An ingenious system of sensor micromovements with multiple snapshots allows an increase in resolution from 16 to 40 megapixels
The Olympus OM-D cameras are an outstanding combination of performance and size within the world of DSLM Mirrorless cameras (from the Micro Four Thirds system). They’re an attractive balance between technology, construction, and quality that now includes a renovation of the intermediate model Olympus E-M5 Mark II.
The aesthetic changes are evident; it has a similar look but with some buttons different in size and position (the on button for instance) while the 3-inch touchscreen now turns in two axes, offering more versatility in its use. The EVF viewfinder with automatic ocular detection now has 2.36 million dot resolution.
But the most important new features are inside. Starting with the most important, there’s a 5-axis stabilizer that reduces vibration and displays a notable improvement in sharpness and detail (especially in scenes with little light or when teleobjectives are used). Since it’s directly integrated in the sensor, it offers stabilization independent of the type of objective used and is sure to improve the exposure.
Curiously the most interesting feature of the sensor is its practical application in "Sensor Shift Technology" which seems unique on the market, and the fact that the OM-D E-M5 Mark II can multiply its 16 megapixels to 40 thanks to its unique micromovement function implemented by th estabilizer. What the E-M5 does is lightly move the sensor with respect to its normal position and make 8 sequential snapshots. All this information and light is summed up in a final unique image of 40 real megapixels (not invented or interpolated) that delivers exceptional quality. The only problem is that for this feature to work, no moving objects should be in the scene.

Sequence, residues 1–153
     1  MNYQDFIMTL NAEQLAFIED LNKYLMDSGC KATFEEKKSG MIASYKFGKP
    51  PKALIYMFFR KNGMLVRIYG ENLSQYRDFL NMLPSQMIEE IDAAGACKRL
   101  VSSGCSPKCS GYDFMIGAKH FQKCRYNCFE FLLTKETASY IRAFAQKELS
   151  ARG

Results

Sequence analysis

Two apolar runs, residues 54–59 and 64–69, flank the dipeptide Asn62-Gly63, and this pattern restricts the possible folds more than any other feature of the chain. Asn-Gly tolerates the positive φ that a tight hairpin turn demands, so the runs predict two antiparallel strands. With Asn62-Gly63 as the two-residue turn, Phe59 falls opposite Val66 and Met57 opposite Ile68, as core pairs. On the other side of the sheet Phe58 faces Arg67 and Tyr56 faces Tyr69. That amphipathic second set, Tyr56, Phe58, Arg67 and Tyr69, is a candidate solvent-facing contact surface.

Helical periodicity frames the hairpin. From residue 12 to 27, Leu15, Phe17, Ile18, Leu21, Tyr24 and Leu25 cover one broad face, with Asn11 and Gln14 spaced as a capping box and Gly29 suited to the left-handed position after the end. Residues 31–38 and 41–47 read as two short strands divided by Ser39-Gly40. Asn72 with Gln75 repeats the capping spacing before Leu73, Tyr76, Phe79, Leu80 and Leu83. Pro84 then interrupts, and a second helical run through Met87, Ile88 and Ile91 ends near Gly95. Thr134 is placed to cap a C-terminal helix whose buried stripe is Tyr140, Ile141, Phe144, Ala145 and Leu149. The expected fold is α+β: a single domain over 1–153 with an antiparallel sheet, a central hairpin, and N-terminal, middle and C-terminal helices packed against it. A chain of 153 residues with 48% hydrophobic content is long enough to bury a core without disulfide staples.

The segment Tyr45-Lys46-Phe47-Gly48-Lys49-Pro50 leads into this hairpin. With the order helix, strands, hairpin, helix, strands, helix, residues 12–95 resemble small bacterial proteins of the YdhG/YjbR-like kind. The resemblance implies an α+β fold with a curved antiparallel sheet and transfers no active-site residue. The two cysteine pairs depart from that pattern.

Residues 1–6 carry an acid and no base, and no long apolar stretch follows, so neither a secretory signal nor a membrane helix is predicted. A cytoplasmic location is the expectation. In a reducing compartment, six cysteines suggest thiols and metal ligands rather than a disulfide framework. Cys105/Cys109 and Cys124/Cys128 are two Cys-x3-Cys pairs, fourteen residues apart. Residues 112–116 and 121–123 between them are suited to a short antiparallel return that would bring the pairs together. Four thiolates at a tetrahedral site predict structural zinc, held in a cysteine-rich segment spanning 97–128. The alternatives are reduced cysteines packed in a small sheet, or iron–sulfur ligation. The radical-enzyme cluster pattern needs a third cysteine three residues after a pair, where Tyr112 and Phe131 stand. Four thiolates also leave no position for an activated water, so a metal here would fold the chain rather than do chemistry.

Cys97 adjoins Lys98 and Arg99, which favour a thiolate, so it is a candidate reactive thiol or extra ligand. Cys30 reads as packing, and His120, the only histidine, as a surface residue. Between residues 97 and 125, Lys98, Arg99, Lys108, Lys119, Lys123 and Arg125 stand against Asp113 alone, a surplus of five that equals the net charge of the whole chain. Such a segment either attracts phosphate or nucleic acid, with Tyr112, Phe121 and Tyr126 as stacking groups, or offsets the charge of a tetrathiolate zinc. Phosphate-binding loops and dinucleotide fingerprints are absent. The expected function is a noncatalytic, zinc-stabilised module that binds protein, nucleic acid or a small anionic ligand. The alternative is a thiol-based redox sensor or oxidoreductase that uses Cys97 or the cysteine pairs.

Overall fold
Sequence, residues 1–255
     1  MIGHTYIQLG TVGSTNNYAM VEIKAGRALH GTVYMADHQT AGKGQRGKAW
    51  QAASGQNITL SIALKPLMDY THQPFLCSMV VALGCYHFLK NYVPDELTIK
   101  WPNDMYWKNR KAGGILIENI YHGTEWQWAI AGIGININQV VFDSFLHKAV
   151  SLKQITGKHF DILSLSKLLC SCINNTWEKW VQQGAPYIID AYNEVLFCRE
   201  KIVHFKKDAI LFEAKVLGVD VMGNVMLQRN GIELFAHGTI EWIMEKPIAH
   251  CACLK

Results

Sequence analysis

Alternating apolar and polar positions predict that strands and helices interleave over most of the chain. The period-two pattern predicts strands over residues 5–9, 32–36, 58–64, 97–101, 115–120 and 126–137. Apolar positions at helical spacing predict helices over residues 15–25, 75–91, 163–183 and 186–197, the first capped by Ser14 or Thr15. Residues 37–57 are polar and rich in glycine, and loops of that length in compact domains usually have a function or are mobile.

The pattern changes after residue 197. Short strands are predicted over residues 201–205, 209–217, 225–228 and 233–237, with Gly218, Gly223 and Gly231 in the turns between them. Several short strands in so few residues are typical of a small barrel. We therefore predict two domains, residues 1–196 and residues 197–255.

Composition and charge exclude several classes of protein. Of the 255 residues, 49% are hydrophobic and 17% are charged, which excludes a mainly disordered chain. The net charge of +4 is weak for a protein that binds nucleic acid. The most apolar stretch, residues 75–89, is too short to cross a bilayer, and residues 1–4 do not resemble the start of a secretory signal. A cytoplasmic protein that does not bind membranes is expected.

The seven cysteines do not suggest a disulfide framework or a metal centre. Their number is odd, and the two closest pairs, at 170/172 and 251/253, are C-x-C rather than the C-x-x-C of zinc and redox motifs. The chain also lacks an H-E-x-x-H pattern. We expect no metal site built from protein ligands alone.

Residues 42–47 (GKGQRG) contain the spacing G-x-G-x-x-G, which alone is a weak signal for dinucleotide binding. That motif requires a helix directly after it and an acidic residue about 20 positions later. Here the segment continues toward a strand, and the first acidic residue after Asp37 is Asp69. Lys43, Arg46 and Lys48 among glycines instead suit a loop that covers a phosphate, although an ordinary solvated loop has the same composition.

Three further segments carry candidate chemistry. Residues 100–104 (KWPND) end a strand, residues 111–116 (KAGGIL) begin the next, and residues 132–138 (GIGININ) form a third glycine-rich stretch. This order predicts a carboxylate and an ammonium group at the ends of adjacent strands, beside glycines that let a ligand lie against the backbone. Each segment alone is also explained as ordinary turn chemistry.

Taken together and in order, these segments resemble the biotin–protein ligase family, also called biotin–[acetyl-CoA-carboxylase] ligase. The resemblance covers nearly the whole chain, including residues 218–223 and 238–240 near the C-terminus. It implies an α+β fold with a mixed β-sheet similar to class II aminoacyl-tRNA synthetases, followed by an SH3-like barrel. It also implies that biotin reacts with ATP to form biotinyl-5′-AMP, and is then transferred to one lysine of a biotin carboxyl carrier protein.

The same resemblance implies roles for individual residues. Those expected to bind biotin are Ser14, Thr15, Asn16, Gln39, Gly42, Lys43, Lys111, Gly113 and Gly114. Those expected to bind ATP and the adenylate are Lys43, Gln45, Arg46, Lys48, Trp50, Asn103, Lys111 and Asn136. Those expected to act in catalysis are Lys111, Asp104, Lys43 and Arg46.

To its already well-known resistance to water, dust and freezing we can now add similar features to that of the superior model, the E-M1: a speed of 1/16,000 and 10 fps. Obviously it also uses the same TruePic VII processor, so one can say that we’re looking at an E-M1 disguised as an E-M5.
Olympus has assured that video has been another of its priorities, upgrading to Full HD 1080 with an adjustment of velocity so that it records between 24 (movie) and 60 frames per second. Surprisingly they haven’t achieved 4K resolution, which Panasonic and Sony already offer.